Some of the lines on Avery designs are almost "Gothic" in style, and you can easily call those "classic lines". Age comes into play because some of the provenance associated with a boat is the era in which it was built, with the credibility of the types of resin and construction techniques, power options,etc., so age does matter (too). The Coho series are classics in my opinion, they are good looking boats, the interiors are thoughtfully designed, they are highly functional, they use the knowledge Chris Craft learned by producing lots of other boats and they share common power options with other boats that are also called classics. A classic Coho would be very welcome at any Chris Craft Commander rendezvous, and I think it would get a lot of attention. People just don't see many of them due to the fact that not all that many were built.
Prior to the Catalina
|November 30 2011, 5:01 PM |
I have to disagree slightly with the 25' and 28' Catalinas being lower quality. The 25' boats were actually in production as Express Cruisers as early as 1973 and evolved into Catalinas. I have a 76 and other than the aluminum trim you mentioned the boat is remarkably sturdy and heavy. Jerry has a 25' Tournament Fisherman that was built on the same hull. While they don't have the panache or elegance of the Commanders, from everything I've read they are pretty well built and nice riding boats. I have to say, the 25' has a lot of cabin space and a nice sized deck for a 25. They're also dirt cheap, selling on ebay regularly for $3-$5k in the water and ready to cruise.
Well.....here are some Amerosport issues from the past, and 272 Crowne
|November 30 2011, 5:38 PM |
Is is not the intent of this forum to bash Chris Craft boats of any kind and I hope nobody thinks this post is doing so. It is a fact, however, that during the numerous transitions of ownership and presidential turnover at CC, various techniques and standards were used, and it is pretty clear the top quality boats are the oldest ones..........this quality is verified pretty much through the mid 19070s and then I personally lose the trail because our main focus is on the older classics.
It is my understanding (need to be verified with Boat US) that Boat US filed suit against Chris Craft due to call backs on this model. As I understand the issue, CC wasw taking short cuts by cutting the main fiberglass structural supports in order to install wires. This is obviously contrary to their present day and past performance, but I understand it did happen during a particular management regime and it was corrected as a result of the Boat US insurance claim action.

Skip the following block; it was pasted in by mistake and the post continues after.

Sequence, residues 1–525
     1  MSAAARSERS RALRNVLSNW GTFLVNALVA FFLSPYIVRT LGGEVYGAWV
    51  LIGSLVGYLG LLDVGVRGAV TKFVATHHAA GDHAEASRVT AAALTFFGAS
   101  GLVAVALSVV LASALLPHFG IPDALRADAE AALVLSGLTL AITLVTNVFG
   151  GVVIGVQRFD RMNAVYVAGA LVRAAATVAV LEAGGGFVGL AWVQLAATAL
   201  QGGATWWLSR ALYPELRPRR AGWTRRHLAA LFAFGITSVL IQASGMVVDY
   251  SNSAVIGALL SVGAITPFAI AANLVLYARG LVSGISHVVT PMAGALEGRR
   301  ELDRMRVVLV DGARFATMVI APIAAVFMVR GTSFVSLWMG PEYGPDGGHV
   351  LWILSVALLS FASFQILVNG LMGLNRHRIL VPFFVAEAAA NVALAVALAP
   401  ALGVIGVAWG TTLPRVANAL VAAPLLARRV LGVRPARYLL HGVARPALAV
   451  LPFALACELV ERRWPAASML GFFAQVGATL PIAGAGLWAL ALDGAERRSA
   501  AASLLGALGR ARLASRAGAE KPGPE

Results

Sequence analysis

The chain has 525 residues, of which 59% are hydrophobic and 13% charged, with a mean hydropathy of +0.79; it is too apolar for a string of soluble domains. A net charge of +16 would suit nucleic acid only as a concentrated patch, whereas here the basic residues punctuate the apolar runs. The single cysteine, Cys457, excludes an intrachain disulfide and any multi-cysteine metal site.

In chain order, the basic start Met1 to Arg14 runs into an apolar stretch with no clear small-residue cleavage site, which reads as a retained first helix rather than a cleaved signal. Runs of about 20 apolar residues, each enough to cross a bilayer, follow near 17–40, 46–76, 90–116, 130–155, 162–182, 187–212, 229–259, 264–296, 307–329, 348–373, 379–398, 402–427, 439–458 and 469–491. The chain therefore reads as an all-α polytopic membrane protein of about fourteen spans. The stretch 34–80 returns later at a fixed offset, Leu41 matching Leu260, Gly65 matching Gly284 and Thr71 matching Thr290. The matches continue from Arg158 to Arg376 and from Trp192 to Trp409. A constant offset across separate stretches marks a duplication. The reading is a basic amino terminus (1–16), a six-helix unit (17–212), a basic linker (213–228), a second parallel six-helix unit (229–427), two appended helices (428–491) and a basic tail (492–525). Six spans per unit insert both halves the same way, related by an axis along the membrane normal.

I would naturally be sure you were not looking at one of the boats built during that particular dark period of the otherwise brilliant CC history.
Someone please help me verify this, as I do NOT want to give out any incorrect info about CC or anyone else. As noted, I think you should contact an informed person who knows the history at Boat US.
As the boats evolved into the 1990s it seems the old quality was certainly gone.
The following is from the Boat US database, offered here only as a point of information, certainly due for follow up.
The 31-ft. Crowne is Chris Craft's
1992 Chris Craft 272 Crowne:
07/27/92 Freshwater tank cracked, is leaking. Boat had to be
at factory to access & remove tank. Faulty bonding system caused
extensive galvanic corrosion. Transmission failure. NUmerous minor
problems. Owner wanted both outdrives replaced; replacement all head
thru-hull fittings; replacement freshwater tank; guarantee that any
undetected electrical problems will be corrected by manufacturer. Owner
says Chris Craft took care of all problems.
1991 Chris Craft Crowne 272 (CCBFT179D191):
06/11/93 Cracks throughout boat's interior, surveyor attributes to
manufacturer's defect: especially vertical displacement of liner. (Owner
also reports same problems w/ a 302 Crowne CCBFT180D191 owned by a
friend of his) Owner says manufacturer wants to make more repairs but
more problems are surfacing. He wants replacement boat. 9/8:
Manufacturer maintains that boat can be fixed.
1991 Chris Craft 272 Crowne (CCBFS102A091); twin OMC 5.7L King
01/09/95 Blisters: extensive on bottom & sides; cracks pt/stbd @
& strakes from trim tabs fwd. Prior to purchase, boat trim tabs were
repositioned 3 times & holes weren't filled properly, stress cracks have
developed in adjacent areas. Pt side appears to have been repaired
(why???) prior to purchase, repairs are inadequate & full of pinholes.
Corrosion on engine even though boat is kept in fresh water. Leaks
through rubrail into cabin & windshield. Canvas doesn't fit properly.
Owner has already spent several thousand $s on hull repairs. Chris Craft
is willing to pay for repairs but won't say how much, describe how should
be repaired or guarantee against further problems.
That may be true
|November 30 2011, 6:11 PM |
Last year the '84 (or so) 42' Commander received a lot of bottom work due to blisters, while my Coho has none and from what I've read here, probably never has had blisters and never will.
'71 33' Catalina Coho Sedan under restoration
'85 Bayliner Capri 19' cuddy 3.0L OMC, new deck and stringers
'87 Kawasaki JS650SX
'70 Amphicat 6x6 AATV (future Coho tender)
'74 Buick LeSabre Luxus convertible, '07 Subaru Forester 5MT
Chris Craft Management/Ownership History
|December 18 2011, 11:56 AM |
Paul, and All
If you chart the ownership of Chris Craft I think it is possible to chart the quality of the build based on the passion/investment that was or wasn't there...
My take on it:
Shields buys CC in 1960 and was a good steward who left Chris Craft do what they did best - he invested heavily in the 60's until;
Siegel (Montrose Chemicals) wrestled it away in a takeover in 1968, and they diversified heavily into TV, DDT was banned in the US in 1972 - major cash-flow for Montrose gone overnight. Then the fuel crisis that hit with the OPEC embargo in 1973.
Last wooden boat built in 1971 and the mahogany interiors in the Commanders disappeared around this time. The cost cutting had started.
1970-1980 Lack of passionate ownership period. It must have been hard for the Chris Craft employees to be under the control of a company that lacked the passion for quality and had to be more concerned about survival and the bottom line. Add in rising fuel prices and the related additional cost to production and shipping.